The Queen’s children arrived at Westminster Hall where they stood guard over their mother’s coffin in silence for 10 minutes, while members of the public filed past
Andrew (pictured) joined his siblings at a ceremonial vigil that replicated that of the Vigil of Princes
The King, Princess Anne, Prince Andrew and Prince Edward stood guard over their mother’s coffin in silence for 10 minutes while members of the public filed past.
It is understood that the ban on Prince Andrew wearing military uniform, which has seen him opt for a morning suit for public appearances during his mother’s funeral ceremonies, was lifted as an exception for the final vigil held in London.
That has likely come as a relief for the Duke, who was heckled during a procession in Edinburgh and had to solemnly bow his head while his siblings saluted as they walked behind their late mother’s coffin as it was transported by gun carriage.
Princess Anne, the Queen’s lone daughter, made history at the last ‘Vigil of the Princes’ at St Giles’ Cathedral when she became the first female member of the royal family to ‘stand guard’ as part of the commemoration.
Monday’s ‘Vigil of the Princes’ marked the first time the tradition has taken place since 2002.
There have been two such ceremonies in the past: in 1936, with the death of King George V in 1936, and in 2002, during the Queen Mother’s funeral.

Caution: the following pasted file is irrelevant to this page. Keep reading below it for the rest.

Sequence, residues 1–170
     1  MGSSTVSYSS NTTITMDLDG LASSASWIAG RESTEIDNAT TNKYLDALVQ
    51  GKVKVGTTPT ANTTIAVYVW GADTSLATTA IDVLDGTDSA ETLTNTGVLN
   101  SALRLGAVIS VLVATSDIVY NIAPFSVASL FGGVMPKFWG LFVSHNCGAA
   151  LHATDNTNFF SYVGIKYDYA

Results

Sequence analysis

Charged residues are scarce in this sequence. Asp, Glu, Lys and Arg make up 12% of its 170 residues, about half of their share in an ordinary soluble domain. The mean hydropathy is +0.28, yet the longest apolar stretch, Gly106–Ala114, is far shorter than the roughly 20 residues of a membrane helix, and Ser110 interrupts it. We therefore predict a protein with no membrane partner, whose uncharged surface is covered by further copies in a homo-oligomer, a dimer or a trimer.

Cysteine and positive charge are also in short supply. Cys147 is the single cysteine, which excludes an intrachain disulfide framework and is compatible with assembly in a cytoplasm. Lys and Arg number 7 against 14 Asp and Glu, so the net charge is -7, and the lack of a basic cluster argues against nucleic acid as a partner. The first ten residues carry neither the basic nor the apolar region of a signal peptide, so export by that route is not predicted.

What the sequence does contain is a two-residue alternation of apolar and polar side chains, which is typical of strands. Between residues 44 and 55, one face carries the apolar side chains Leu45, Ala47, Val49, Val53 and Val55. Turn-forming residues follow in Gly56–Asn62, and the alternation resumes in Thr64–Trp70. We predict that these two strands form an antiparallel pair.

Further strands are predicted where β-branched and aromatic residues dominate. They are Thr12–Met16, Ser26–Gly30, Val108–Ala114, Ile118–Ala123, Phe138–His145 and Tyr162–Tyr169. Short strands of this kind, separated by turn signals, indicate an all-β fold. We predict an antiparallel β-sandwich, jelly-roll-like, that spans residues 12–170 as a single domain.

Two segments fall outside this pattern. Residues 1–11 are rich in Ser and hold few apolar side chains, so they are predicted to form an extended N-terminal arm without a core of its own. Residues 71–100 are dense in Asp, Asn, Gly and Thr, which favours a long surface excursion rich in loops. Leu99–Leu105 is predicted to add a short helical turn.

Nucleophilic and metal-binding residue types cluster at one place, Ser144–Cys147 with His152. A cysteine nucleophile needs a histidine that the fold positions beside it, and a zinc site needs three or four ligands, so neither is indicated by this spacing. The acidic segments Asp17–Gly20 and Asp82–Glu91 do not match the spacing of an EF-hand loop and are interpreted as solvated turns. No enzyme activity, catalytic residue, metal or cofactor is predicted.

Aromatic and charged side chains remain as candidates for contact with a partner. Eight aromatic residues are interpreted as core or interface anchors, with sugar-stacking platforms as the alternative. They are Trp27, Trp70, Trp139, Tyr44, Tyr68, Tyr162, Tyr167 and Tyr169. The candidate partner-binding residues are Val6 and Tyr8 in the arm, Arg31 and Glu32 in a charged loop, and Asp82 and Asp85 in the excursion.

That vigil was attended by the royal’s four grandsons – King Charles, Prince Andrew, Prince Edward, and the Earl of Snowdon.
Prince Andrew, 62, who is no longer a working royal, was permitted by his eldest brother King Charles III to wear his military uniform as he stood guard over his mother’s coffin
In a statement released on the eve of her funeral, Prince Andrew hailed the late monarch for her ‘knowledge and wisdom infinite, with no boundary or containment’, adding: ‘I will miss your insights, advice and humour’.
He described the Queen as ‘Mummy, Mother, Your Majesty, three in one’ and said it had been an ‘honour and privilege’ to serve her.
Andrew accompanied his words with a black and white photo taken by society photographer Cecil Beaton of his mother holding him as a newborn in March 1960.
The duke said: ‘Dear Mummy, Mother, Your Majesty, three in one. Your Majesty, it has been an honour and privilege to serve you. Mother – of the nation, your devotion and personal service to our nation is unique and singular; your people show their love and respect in so many different ways and I know you are looking on honouring their respect.
‘Mummy, your love for a son, your compassion, your care, your confidence I will treasure forever. I have found your knowledge and wisdom infinite, with no boundary or containment. I will miss your insights, advice and humour. As our book of experiences closes, another opens, and I will forever hold you close to my heart with my deepest love and gratitude, and I will tread gladly into the next with you as my guide.
He finished with the words God Save The King – in honour of his brother King Charles, who acceded the throne after his mother’s death.